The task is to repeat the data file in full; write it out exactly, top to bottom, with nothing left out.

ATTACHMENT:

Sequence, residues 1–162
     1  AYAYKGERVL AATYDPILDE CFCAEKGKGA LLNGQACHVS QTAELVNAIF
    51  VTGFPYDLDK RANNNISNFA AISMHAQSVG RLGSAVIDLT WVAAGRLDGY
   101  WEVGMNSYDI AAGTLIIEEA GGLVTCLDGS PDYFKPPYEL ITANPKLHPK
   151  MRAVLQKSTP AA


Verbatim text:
Sequence, residues 1–162
     1  AYAYKGERVL AATYDPILDE CFCAEKGKGA LLNGQACHVS QTAELVNAIF
    51  VTGFPYDLDK RANNNISNFA AISMHAQSVG RLGSAVIDLT WVAAGRLDGY
   101  WEVGMNSYDI AAGTLIIEEA GGLVTCLDGS PDYFKPPYEL ITANPKLHPK
   151  MRAVLQKSTP AA